A mysterious buyer of parcels near a military base, a call for action against squatters and the HUD leader’s Hawaiian business trip. Looking into the wild and wooly world of real estate, here are our Hits and Misses for this week.
Miss: Who is That Phantom Landowner? The Wall Street Journal reported the U.S. Air Force’s Foreign Investment Risk Review Office is investigating the $1 billion in purchases of roughly 52,000 acres in California’s Solano County – include 20 parcels around the Travis Air Force Base by a limited liability company calling itself Flannery Associates. An attorney representing Flannery claims his client is majority owned by Americans, but the Air Force – which has been investigating the group for eight months – cannot confirm who is backing Flannery. Rep. John Garamendi (D-CA), the top Democrat on the House Armed Services Committee’s readiness panel, admitted, “We don’t know who Flannery is, and their extensive purchases do not make sense to anybody in the area. The fact that they’re buying land purposefully right up to the fence at Travis raises significant questions.” Gee, they just realized this?
Hit: Speaking Up Against Squatters. Kudos to George Washington University law professor and political commentator Jonathan Turley for calling attention to the growing problem created by squatters who invade private residences and refuse to leave. In an op-ed published by USA Today, Turley cited several egregious examples of squatters brazenly getting away with their crimes while law enforcement and the judicial system fail to support the homeowners whose lives are being wrecked by these miscreants. Before this problem gets further out of hand, there needs to be a serious effort to stop squatters and ensure the only residence open for them is within the penal system.
Miss: This Can’t Be the New Normal. Today’s Fannie Mae Home Purchase Sentiment Index data report suggests that too many Americans “may be coming to terms with elevated mortgage rates and high home prices,” according to Doug Duncan, Fannie Mae senior vice president and chief economist. But as long as mortgage rates stay high, homeowners who were planning to sell and move on will likely stay in place – and prices that are constantly rising will further erase what little affordable homeownership opportunities exist. Let’s hope Duncan is wrong – the current environment is a lose-lose situation for too many people.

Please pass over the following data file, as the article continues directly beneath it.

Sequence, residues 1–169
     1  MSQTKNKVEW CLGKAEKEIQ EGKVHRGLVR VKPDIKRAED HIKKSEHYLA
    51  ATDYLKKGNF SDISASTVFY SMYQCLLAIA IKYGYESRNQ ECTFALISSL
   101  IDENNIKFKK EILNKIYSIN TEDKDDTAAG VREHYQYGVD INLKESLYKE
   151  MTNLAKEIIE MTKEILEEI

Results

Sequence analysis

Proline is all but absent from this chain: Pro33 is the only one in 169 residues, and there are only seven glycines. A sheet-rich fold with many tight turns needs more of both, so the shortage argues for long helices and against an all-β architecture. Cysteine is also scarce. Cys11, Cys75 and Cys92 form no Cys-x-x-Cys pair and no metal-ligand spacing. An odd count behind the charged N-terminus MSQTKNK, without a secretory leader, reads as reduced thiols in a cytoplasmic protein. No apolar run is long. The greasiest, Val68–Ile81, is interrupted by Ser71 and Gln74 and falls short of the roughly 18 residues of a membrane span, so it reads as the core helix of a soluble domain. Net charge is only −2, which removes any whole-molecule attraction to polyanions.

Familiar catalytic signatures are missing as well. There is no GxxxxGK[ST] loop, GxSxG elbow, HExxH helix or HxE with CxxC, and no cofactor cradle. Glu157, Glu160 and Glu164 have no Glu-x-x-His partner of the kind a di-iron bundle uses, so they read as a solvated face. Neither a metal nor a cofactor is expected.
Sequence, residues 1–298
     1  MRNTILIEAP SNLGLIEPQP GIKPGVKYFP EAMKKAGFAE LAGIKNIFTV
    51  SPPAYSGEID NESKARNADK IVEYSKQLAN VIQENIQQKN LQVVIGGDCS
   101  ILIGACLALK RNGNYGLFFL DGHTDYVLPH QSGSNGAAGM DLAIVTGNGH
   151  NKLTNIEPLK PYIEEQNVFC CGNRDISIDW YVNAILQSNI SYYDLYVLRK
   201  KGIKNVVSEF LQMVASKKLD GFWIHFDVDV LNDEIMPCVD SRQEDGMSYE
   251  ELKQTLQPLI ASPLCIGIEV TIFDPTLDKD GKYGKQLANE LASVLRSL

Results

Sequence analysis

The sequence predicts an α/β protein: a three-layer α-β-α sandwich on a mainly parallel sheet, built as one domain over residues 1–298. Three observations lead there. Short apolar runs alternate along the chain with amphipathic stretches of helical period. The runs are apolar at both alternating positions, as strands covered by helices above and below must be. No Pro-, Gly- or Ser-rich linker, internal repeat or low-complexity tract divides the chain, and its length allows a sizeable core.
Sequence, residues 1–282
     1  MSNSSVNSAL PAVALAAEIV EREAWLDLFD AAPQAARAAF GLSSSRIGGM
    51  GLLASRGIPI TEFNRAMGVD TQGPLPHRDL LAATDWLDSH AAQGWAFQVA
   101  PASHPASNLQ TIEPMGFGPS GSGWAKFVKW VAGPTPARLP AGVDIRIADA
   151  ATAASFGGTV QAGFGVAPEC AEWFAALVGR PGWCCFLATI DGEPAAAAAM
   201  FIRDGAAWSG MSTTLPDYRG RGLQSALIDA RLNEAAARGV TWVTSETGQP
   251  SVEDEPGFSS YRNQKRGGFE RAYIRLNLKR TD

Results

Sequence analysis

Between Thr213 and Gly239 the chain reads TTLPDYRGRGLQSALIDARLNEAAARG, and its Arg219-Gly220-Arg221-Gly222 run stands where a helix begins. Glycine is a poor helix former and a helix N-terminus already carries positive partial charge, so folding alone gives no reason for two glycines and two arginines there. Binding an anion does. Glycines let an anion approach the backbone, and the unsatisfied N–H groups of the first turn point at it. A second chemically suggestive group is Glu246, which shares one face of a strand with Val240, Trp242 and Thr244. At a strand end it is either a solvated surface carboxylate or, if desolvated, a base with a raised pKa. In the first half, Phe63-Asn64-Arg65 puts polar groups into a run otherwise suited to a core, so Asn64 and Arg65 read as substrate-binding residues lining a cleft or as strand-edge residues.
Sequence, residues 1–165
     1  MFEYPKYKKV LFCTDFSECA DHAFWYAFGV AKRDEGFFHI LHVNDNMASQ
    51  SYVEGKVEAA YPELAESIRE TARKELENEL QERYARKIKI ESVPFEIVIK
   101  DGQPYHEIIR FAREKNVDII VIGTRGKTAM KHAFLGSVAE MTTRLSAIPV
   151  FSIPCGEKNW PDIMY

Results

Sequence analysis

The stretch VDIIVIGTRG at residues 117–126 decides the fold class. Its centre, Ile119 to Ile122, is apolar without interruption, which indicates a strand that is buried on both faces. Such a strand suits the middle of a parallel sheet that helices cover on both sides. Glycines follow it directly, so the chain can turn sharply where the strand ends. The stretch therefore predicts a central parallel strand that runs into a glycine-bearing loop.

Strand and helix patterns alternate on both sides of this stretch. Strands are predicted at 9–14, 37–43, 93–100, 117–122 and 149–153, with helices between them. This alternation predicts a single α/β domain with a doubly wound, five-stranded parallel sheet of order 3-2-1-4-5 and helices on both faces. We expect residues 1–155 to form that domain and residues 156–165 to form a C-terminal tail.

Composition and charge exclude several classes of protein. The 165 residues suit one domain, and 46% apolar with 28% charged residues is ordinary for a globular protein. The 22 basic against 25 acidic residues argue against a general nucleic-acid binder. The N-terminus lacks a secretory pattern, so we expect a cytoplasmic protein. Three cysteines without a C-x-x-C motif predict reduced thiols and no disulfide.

Hit: Saving a Lost Chapter of History. Last month, the Mary & Eliza Freeman Center for History and Community in Bridgeport, Connecticut, was awarded a $750,000 grant from the National Park Service as part of the Historic Preservation Fund’s African American Civil Rights grant program. Maisa Tisdale, the center’s CEO, has conducted an extraordinary campaign to preserve the last surviving structures of Little Liberia, a prosperous community of free Black and Native people that flourished in the antebellum era. The story of Little Liberia was nearly lost to oblivion when the community slowly dissolved in the post-Civil War era, but Tisdale’s indefatigable work to recall this extraordinary chapter of U.S. history and her efforts to liberate the Freeman Houses from decades of disrepair (seen in the photo above) makes her a hero of historic preservation. You can learn more about Little Liberia and Tisdale’s work at this website.
Miss: Nice Work if You Can Get It. Among the cabinet secretaries in the Biden administration, Housing and Urban Development Secretary Marcia Fudge has kept a mostly low profile – at least in terms of generating mainstream media notice. But the Hawaiian media had her in their spotlight – Fudge was in Hawaii for a listening tour on how her department could help finance affordable housing opportunities in the Aloha State. Clearly, this work was too important to handle by phone or Zoom, hence Fudge’s exit from the summer swelter in Washington, D.C., for a serious (cough cough) fact-finding tour of Hawaii, complete with a lei around her neck.
Photo: The Mary & Eliza Freeman Houses, the last surviving remnants of the Little Liberia community of Bridgeport, Connecticut. Photograph by Phil Hall.